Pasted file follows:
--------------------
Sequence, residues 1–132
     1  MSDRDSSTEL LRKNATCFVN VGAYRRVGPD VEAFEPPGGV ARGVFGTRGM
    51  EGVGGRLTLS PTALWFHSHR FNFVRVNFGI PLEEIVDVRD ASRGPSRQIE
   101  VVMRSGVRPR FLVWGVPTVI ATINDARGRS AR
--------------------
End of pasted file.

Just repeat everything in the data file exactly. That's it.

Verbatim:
Sequence, residues 1–132
     1  MSDRDSSTEL LRKNATCFVN VGAYRRVGPD VEAFEPPGGV ARGVFGTRGM
    51  EGVGGRLTLS PTALWFHSHR FNFVRVNFGI PLEEIVDVRD ASRGPSRQIE
   101  VVMRSGVRPR FLVWGVPTVI ATINDARGRS AR